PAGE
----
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Regression of left ventricular hypertrophy in hemodialyzed patients is possible: a follow-up study



Regression of left ventricular hypertrophy in hemodialyzed patients is possible: a follow-up study



International Urology and Nephrology 43(4): 1161-1169



Few studies have addressed the description of serial changes in left ventricular mass (LVM) and relevant risk factors. The aims of our study were to describe trends in left ventricular (LV) structure and function derived from echocardiographic measurements over a 10-year period in Fresenius Nephrocare Dialysis Center in Iaşi and to compare the results with those obtained on a smaller group 4 years ago. Three hundred and thirty-four hemodialyzed patients were enrolled at baseline, between January 1999 and March 2009. Echocardiography was performed at inclusion and several times for each patient during this period, until the end of the study. Mean values of the biochemical parameters (hemoglobin, serum proteins, calcium, phosphate) at the time of the echocardiographic examination were calculated and included in the final analysis. Outcome in dialysis was 70.5% alive at the end of the study. The most important improvement was observed in LV mass index: at the 4th echocardiography, the mean LVMi was 144.8 vs. 156.0 g/m(2) at the 2nd echocardiographic examination vs. 167.2 g/m(2) at the first echocardiographic examination (mean decrease 3.34 ± 9.6 g/m(2)/month). Significant results were obtained by comparing LVMi only in patients with all 4 echocardiographies: left ventricular hypertrophy regression was statistically significant, from 172.7 g/m(2) at the 1st echocardiography to 146.0 g/m(2) at the 4th, i.e. 15.4% reduction of LVMi. Delta LVMi significantly correlated only with changes in hemoglobin (P < 0.05).There was a significant regression of the relative wall thickness from an average of 0.46 to 0.42 (P < 0.05). Our study proves that regression of LVH in hemodialyzed patients is possible and constitutes a must-achieve objective in dialysis centers.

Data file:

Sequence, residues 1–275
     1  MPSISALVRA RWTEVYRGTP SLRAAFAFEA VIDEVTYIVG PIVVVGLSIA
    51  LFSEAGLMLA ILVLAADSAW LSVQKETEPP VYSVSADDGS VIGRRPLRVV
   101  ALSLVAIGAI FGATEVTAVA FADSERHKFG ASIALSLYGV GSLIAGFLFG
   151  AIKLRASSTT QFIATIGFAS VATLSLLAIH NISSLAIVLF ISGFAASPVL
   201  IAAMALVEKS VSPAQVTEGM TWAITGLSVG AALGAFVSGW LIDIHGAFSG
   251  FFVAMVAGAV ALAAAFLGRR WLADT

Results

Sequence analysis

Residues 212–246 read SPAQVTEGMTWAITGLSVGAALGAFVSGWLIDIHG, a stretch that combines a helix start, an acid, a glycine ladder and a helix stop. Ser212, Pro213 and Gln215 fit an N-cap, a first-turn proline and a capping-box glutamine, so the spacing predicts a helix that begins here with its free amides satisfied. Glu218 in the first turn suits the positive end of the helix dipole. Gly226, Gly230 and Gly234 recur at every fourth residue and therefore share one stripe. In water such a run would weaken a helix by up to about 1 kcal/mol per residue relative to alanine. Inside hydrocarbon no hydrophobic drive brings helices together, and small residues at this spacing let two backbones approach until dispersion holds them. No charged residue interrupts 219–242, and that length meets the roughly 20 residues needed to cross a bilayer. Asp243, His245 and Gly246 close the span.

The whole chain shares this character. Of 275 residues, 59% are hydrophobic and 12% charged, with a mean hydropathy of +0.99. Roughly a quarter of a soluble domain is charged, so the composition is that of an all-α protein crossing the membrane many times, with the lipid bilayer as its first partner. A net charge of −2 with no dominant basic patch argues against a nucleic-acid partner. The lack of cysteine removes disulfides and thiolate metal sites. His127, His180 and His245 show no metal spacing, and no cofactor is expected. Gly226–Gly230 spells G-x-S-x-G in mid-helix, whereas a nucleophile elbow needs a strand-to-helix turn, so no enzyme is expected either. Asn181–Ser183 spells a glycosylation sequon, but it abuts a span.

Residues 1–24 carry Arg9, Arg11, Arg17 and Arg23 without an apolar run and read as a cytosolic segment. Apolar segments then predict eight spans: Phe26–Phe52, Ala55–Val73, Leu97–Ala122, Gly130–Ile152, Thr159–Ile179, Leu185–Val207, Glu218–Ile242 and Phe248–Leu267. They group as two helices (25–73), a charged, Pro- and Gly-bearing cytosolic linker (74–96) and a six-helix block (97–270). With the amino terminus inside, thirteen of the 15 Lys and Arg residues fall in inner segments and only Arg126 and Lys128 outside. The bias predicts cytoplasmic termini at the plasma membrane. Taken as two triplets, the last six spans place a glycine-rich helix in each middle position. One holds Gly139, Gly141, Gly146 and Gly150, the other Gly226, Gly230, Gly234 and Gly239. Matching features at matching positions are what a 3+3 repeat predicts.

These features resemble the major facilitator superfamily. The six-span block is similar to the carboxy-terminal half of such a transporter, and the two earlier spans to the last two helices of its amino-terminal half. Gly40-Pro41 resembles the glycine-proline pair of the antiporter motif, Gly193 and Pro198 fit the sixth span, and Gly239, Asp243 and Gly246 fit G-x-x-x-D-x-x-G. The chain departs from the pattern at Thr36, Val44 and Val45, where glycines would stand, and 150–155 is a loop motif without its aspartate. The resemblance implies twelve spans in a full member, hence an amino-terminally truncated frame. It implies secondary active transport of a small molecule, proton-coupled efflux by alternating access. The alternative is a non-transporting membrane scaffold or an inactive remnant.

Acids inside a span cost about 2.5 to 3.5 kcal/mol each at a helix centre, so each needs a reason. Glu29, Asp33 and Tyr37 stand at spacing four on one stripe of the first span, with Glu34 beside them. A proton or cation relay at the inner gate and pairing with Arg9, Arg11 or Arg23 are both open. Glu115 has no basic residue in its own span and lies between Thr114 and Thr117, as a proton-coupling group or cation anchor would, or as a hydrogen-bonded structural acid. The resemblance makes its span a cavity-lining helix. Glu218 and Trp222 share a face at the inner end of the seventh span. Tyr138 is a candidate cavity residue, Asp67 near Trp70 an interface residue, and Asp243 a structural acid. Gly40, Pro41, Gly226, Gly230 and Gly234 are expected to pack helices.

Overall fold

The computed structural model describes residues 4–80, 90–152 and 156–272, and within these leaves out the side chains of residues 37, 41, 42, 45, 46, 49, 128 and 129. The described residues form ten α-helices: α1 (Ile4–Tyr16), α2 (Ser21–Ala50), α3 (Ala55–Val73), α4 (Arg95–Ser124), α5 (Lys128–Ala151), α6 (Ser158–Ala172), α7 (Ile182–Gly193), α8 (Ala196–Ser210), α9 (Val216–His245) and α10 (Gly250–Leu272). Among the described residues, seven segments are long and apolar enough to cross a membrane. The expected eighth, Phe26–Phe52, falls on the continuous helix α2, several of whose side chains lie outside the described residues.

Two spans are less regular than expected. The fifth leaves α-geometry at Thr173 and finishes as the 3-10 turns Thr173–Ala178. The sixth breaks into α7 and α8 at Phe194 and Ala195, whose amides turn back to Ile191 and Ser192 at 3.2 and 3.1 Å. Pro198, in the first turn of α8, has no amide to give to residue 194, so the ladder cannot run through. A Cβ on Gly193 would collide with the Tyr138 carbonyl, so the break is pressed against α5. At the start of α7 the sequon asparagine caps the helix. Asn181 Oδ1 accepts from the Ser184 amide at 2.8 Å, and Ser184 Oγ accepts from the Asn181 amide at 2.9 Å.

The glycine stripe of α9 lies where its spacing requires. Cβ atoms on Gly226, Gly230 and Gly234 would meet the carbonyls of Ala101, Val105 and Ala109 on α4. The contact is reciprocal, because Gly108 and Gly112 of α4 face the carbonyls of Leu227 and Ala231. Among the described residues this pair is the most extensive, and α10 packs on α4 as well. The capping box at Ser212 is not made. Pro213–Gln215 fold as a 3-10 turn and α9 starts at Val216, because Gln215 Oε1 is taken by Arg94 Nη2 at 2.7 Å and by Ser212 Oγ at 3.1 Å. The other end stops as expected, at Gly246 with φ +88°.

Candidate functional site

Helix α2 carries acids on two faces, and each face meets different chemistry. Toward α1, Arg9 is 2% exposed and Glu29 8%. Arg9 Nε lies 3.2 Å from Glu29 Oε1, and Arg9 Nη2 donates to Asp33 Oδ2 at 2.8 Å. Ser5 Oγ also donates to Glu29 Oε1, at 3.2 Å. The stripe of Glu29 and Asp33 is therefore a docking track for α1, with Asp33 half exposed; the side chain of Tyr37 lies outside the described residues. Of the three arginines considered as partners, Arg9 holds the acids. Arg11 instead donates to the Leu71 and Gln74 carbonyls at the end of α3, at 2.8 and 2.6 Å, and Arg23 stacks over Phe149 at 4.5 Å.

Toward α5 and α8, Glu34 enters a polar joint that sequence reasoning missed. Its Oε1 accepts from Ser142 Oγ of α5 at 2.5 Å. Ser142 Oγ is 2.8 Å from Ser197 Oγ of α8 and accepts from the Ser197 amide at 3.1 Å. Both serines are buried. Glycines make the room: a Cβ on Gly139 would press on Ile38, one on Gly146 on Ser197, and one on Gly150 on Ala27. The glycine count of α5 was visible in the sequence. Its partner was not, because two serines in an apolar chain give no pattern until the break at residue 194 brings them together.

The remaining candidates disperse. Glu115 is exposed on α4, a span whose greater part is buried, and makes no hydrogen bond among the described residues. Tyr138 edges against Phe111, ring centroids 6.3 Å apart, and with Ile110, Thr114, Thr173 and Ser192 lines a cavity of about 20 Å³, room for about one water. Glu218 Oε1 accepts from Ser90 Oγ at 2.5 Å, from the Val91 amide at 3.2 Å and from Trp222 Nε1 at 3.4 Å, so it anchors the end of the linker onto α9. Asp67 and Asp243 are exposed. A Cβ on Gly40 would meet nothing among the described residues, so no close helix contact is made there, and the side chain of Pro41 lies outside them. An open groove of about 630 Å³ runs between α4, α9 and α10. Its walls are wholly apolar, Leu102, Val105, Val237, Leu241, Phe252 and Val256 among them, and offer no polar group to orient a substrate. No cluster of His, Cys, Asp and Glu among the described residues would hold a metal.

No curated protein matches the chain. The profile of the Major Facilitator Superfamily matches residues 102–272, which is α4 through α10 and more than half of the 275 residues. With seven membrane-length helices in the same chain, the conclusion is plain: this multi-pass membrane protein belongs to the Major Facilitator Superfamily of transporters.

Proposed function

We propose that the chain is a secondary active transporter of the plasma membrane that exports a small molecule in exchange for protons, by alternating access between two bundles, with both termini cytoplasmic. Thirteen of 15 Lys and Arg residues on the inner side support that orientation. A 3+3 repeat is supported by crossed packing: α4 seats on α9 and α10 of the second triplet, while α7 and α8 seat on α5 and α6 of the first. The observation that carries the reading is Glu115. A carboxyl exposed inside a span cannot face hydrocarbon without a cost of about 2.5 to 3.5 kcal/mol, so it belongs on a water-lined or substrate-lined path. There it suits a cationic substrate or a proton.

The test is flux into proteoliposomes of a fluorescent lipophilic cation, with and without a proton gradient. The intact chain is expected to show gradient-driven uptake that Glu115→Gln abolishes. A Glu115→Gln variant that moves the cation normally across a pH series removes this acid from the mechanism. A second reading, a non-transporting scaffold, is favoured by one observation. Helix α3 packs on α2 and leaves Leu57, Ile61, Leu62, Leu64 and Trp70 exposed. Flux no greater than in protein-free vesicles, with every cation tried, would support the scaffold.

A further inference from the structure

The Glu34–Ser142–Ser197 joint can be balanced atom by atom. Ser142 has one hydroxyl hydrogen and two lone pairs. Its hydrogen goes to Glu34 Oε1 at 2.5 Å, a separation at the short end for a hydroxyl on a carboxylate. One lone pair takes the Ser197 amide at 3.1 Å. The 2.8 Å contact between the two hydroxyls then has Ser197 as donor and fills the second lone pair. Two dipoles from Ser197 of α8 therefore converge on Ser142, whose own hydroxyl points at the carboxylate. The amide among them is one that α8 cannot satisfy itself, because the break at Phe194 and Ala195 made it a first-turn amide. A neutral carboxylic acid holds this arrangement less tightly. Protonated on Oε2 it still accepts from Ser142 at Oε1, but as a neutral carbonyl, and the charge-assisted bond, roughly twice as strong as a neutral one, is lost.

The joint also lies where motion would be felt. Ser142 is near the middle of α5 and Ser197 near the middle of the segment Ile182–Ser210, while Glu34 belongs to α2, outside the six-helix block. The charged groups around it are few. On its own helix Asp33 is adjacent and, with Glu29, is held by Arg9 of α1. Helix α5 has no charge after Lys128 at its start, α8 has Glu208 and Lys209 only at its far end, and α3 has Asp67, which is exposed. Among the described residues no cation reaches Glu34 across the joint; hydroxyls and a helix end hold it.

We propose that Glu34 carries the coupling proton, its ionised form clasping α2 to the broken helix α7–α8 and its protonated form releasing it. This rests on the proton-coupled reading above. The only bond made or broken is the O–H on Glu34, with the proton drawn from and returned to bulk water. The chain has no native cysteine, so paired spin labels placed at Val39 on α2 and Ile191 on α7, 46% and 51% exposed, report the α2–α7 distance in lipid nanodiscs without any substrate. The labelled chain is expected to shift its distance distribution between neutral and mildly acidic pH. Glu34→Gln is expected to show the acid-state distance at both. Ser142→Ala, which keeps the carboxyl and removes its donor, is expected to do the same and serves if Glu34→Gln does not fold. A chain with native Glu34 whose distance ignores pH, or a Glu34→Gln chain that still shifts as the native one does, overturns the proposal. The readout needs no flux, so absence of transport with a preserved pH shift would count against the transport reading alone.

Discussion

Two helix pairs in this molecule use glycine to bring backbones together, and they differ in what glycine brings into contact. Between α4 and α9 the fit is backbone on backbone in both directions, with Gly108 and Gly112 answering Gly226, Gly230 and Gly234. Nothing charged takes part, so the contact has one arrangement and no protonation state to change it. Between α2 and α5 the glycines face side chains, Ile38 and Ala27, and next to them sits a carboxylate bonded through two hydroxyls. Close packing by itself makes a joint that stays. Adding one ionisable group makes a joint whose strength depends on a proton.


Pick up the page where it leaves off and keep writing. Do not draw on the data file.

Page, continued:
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Accession: 055446928

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PMID: 20658356

DOI: 10.1007/s11255-010-9810-z


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